Astronomy - Cassini Begins Epic Final Year at Saturn

Cassini Begins Epic Final Year at Saturn

Launched in 1997, Cassini has been touring the Saturn system since arriving there in 2004 for a close up study of the planet, its rings and moons. During its journey, Cassini has made numerous dramatic discoveries, including a global ocean within Enceladus and liquid methane seas on Titan.

 

 

Between Nov. 30 2016 and April 22 2017, Cassini will circle high over and under the poles of Saturn, diving every seven days a total of 20 times through the unexplored region at the outer edge of the main rings.

"We're calling this phase of the mission Cassini's Ring-Grazing Orbits, because we'll be skimming past the outer edge of the rings," said Linda Spilker, Cassini project scientist at NASA's Jet Propulsion Laboratory. "In addition, we have two instruments that can sample particles and gases as we cross the ring plane."

On many of these passes, Cassini's instruments will attempt to directly sample ring particles and molecules of faint gases that are found close to the rings. During the first two orbits, the spacecraft will pass directly through an extremely faint ring produced by tiny meteors striking the two small moons Janus and Epimetheus.

Ring crossings in March and April will send the spacecraft through the dusty outer reaches of the F ring.

Even though we're flying closer to the F ring than we ever have, we'll still be more than 4,850 miles (7,800 kilometres) distant

The F ring marks the outer boundary of the main ring system; Saturn has several other, much fainter rings that lie farther from the planet. The F ring is complex and constantly changing: Cassini images have shown structures like bright streamers, wispy filaments and dark channels that appear and develop over mere hours.

The ring is also quite narrow—only about 500 miles (800 kilometres) wide. At its core is a denser region about 30 miles (50 kilometres) wide.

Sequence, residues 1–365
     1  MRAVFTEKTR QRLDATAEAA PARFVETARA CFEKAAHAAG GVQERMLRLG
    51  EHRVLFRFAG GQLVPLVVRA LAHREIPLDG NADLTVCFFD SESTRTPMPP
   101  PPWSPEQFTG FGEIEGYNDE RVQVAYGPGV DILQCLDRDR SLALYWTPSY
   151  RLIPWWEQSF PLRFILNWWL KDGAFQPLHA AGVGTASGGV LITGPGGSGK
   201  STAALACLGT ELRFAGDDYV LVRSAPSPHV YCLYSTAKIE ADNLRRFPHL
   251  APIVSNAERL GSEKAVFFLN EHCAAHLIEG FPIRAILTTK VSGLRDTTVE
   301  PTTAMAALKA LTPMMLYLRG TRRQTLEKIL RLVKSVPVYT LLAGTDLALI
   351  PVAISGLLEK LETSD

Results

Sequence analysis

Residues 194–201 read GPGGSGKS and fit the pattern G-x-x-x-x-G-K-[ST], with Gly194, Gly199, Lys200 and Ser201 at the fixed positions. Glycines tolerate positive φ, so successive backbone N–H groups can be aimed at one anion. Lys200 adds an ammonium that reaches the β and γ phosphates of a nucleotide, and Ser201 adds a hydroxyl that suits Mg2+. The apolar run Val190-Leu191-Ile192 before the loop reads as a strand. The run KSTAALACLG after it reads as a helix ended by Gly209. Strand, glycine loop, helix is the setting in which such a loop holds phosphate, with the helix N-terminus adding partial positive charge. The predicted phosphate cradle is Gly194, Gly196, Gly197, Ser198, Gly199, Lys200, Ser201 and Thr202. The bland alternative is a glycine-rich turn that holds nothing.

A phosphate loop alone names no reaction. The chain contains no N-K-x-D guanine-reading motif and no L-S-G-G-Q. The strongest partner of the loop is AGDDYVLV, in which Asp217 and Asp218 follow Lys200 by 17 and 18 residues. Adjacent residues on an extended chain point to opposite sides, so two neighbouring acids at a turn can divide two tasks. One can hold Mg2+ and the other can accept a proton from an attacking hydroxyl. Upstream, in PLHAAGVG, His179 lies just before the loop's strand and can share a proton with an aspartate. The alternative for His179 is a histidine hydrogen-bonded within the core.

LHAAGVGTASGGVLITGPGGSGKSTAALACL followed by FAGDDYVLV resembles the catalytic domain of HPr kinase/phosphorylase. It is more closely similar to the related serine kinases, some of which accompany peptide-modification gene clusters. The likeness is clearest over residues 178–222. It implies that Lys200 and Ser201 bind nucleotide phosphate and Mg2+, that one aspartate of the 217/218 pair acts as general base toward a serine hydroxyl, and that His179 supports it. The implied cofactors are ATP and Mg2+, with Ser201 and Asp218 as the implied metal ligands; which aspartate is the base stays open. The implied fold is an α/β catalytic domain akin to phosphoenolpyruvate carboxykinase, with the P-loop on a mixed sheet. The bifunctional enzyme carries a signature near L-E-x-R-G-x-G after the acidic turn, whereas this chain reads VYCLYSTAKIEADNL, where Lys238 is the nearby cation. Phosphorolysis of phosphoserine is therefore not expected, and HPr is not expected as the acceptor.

Cassini is expected to determine the mass of Saturn's rings by tracking radio signals from the spacecraft as it flies close to the rings.

The rings, which are made of small, icy particles spread over a vast area, are extremely thin – generally no thicker than the height of a house. Thus, despite their giant proportions, the rings contain a surprisingly small amount of material.

During the Grand Finale, Cassini will make the closest-ever observations of Saturn, mapping the planet's magnetic and gravity fields with exquisite precision and returning ultra-close views of the atmosphere.

Scientists also hope to gain new insights into Saturn's interior structure, the precise length of a Saturn day, and the total mass of the rings which may finally help settle the question of their age.

The spacecraft will also directly analyse dust-sized particles in the main rings and sample the outer reaches of Saturn's atmosphere both first-time measurements for the mission.

 

 

Cassini Orbits of Saturn

 

The Cassini mission is a cooperative project of NASA, ESA (the European Space Agency) and the Italian Space Agency. The Jet Propulsion Laboratory, a division of the California Institute of Technology in Pasadena, manages the mission for NASA's Science Mission Directorate, Washington.

The Cassini orbiter and its two on board cameras were designed, developed and assembled at JPL. The imaging operations centre is based at the Space Science Institute in Boulder, Colorado.